Did you know that LBIF owns 21 acres of preserved salt marsh habitat? This is the largest tract of privately owned and preserved (through an easement) coastal saltmarsh on Long Beach Island, all thanks to local resident Joe Torg who helped LBIF preserve it in 1997. Saltmarshes are coastal wetland areas that are found on shorelines with low wave energy. They are one of the most productive ecosystems in the world. Flooded by the tides twice daily, the inundation of brackish (a mix of salt and fresh) water brings in sediments which is trapped by plants, like spartina grass which have very long and complex root systems. These plants help stabilize soil and calm wave energy, thus helping to reduce or absorb water during flood events in coastal areas.
The soil of our saltmarshes is dark and consists of mud and peat, which is decomposing plant material. Salt marsh soils are void of most oxygen, a condition called hypoxia. It causes bacteria to grow which produce the sulfurous smell of rotten eggs, which is most evident at low tide. Sadly, most of LBI’s saltmarsh habitat, our living shorelines, have been replaced with hardened shorelines.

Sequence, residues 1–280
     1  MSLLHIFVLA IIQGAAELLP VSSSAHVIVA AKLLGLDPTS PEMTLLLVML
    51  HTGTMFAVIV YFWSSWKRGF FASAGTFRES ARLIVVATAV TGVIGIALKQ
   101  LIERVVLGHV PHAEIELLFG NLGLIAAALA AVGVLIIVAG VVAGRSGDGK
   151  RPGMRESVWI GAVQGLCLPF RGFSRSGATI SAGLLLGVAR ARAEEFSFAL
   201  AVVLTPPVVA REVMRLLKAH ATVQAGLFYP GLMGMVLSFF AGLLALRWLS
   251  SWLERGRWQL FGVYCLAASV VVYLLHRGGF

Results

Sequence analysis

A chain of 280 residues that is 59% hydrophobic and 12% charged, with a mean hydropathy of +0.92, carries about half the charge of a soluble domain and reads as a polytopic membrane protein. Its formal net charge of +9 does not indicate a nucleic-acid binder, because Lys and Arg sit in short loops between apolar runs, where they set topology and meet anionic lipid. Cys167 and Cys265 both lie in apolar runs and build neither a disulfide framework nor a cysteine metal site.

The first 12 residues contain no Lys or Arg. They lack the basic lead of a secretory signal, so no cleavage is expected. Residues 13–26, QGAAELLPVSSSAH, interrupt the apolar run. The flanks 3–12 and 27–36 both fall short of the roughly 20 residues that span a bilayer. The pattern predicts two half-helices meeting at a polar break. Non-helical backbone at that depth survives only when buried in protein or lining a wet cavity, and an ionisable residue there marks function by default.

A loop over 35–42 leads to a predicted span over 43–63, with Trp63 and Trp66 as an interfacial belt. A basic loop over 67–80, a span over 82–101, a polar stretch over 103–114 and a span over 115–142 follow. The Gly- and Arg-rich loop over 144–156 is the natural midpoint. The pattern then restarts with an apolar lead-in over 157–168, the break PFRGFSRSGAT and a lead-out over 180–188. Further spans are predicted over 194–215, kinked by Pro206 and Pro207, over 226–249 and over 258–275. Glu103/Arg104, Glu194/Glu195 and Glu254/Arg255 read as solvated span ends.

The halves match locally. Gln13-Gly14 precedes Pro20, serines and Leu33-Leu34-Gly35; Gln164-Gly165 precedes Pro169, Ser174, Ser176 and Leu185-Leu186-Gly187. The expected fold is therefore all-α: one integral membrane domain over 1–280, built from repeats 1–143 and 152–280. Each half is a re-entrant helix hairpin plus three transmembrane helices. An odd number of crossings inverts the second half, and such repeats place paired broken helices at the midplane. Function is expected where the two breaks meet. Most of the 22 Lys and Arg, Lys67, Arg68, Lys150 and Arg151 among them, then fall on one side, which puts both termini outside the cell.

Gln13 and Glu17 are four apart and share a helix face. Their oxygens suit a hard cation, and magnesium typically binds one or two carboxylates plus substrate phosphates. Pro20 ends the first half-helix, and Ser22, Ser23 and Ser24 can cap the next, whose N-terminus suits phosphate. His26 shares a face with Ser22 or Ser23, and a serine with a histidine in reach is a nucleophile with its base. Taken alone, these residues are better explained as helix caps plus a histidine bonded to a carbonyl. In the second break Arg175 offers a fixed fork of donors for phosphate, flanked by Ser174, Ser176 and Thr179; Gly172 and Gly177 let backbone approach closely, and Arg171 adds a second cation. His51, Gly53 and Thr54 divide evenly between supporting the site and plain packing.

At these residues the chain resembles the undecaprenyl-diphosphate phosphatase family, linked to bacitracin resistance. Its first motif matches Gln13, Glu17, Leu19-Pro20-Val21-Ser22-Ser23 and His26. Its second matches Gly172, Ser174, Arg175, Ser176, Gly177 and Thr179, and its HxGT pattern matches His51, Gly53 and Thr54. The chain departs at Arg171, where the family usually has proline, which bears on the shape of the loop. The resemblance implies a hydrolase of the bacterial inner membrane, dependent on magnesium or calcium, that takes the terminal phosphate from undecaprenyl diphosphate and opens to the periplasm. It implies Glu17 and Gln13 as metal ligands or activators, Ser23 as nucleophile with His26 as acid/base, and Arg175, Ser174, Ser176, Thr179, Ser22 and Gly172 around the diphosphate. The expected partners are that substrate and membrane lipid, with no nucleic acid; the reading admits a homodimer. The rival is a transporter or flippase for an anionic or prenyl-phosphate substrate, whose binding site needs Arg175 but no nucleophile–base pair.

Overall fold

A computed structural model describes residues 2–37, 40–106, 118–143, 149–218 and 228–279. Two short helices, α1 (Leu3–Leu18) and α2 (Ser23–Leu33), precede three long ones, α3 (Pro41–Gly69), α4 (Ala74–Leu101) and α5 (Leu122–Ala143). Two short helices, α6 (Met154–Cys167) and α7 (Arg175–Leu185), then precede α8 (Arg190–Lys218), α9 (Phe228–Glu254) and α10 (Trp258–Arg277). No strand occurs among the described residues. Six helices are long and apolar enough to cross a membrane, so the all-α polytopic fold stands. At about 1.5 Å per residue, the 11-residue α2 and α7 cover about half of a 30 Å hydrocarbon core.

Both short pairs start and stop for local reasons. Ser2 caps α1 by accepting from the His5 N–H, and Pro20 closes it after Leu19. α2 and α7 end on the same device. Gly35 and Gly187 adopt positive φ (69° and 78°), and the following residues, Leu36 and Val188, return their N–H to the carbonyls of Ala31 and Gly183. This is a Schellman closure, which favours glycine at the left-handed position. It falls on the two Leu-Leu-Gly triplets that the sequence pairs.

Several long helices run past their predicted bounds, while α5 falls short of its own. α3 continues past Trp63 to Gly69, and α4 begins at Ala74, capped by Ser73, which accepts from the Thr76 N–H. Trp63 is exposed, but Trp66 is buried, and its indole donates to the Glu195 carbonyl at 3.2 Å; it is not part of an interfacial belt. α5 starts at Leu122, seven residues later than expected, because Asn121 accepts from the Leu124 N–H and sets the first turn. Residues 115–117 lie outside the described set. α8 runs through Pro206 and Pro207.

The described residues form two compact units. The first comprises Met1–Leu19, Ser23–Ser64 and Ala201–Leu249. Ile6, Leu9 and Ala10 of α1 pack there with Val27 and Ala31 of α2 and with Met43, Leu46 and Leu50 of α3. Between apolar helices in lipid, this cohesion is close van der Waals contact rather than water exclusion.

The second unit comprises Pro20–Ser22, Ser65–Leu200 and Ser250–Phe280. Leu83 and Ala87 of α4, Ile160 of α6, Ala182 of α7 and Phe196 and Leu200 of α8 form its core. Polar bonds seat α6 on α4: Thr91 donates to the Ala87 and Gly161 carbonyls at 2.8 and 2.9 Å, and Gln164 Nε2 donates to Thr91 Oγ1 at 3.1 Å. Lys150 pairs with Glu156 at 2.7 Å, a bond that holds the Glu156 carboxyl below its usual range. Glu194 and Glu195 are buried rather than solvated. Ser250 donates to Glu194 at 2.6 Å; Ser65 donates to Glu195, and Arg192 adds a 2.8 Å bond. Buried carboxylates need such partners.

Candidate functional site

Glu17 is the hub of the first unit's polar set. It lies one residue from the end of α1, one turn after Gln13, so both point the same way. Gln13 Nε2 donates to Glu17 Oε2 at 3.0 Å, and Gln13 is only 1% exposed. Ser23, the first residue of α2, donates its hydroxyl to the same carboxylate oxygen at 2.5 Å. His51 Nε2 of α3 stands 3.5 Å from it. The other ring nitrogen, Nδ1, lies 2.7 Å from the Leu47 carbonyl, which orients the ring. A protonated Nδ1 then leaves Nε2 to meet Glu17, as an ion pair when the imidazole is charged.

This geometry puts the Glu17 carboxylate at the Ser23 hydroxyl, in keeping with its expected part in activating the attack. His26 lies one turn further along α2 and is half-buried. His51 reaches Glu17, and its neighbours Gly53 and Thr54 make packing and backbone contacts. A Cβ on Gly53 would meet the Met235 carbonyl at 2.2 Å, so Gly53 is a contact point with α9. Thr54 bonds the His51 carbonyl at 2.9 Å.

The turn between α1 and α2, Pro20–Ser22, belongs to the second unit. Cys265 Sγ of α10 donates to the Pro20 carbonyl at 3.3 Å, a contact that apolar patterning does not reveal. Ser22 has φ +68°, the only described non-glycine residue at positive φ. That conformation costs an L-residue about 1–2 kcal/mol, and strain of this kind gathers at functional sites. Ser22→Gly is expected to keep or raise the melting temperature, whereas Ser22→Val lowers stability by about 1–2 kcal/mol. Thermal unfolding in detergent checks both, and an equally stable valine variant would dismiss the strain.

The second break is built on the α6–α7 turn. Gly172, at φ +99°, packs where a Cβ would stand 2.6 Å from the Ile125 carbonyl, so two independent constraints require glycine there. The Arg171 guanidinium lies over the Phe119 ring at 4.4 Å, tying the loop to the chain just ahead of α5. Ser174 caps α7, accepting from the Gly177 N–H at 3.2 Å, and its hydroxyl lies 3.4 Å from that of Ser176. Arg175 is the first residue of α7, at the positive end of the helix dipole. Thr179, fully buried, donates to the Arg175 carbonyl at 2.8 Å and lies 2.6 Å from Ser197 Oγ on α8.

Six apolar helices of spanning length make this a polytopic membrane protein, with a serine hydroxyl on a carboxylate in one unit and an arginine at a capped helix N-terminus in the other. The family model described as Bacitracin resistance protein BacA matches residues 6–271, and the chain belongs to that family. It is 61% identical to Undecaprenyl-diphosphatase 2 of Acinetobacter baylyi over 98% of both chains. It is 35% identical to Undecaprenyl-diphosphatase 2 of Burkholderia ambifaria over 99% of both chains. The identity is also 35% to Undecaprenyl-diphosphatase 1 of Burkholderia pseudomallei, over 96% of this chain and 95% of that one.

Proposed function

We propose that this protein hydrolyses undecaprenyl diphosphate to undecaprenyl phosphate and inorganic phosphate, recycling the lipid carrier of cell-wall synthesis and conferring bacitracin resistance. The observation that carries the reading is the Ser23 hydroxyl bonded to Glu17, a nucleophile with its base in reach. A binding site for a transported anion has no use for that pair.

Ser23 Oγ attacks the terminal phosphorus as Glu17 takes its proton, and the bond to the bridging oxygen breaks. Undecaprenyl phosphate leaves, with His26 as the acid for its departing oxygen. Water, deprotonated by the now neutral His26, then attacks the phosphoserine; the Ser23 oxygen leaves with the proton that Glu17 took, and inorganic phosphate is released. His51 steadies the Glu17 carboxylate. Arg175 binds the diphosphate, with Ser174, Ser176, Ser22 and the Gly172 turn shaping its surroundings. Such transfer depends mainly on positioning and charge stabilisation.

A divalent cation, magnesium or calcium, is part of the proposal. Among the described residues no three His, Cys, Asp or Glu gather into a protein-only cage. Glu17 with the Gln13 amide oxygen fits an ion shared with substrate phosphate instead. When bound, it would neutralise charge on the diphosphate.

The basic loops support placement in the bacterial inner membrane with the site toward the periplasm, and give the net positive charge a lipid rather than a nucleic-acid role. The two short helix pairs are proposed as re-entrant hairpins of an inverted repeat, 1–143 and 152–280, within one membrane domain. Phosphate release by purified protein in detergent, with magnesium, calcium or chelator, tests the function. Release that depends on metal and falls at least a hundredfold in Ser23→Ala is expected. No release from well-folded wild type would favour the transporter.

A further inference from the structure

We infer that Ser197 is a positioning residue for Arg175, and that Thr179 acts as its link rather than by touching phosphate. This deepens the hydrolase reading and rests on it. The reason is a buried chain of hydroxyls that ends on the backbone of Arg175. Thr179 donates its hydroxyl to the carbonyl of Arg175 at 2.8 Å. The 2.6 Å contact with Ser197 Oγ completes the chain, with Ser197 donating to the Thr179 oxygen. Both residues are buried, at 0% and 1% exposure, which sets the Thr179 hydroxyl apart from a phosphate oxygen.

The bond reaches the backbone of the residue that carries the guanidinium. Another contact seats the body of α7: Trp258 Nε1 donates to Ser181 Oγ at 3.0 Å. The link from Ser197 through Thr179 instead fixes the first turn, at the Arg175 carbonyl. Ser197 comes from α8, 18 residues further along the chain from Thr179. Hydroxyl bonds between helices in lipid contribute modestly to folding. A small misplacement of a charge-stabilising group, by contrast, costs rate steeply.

When you watch the camera here you will see the daily and seasonal changes in the salt marsh. This camera system was funded in part by a grant from the Long Beach Island Garden Club and installed by Conserve Wildlife Foundation of New Jersey. It will stream online, 24/7, year round. The camera was replaced in May, 2021 and began streaming live on YouTube on June 16, 2021.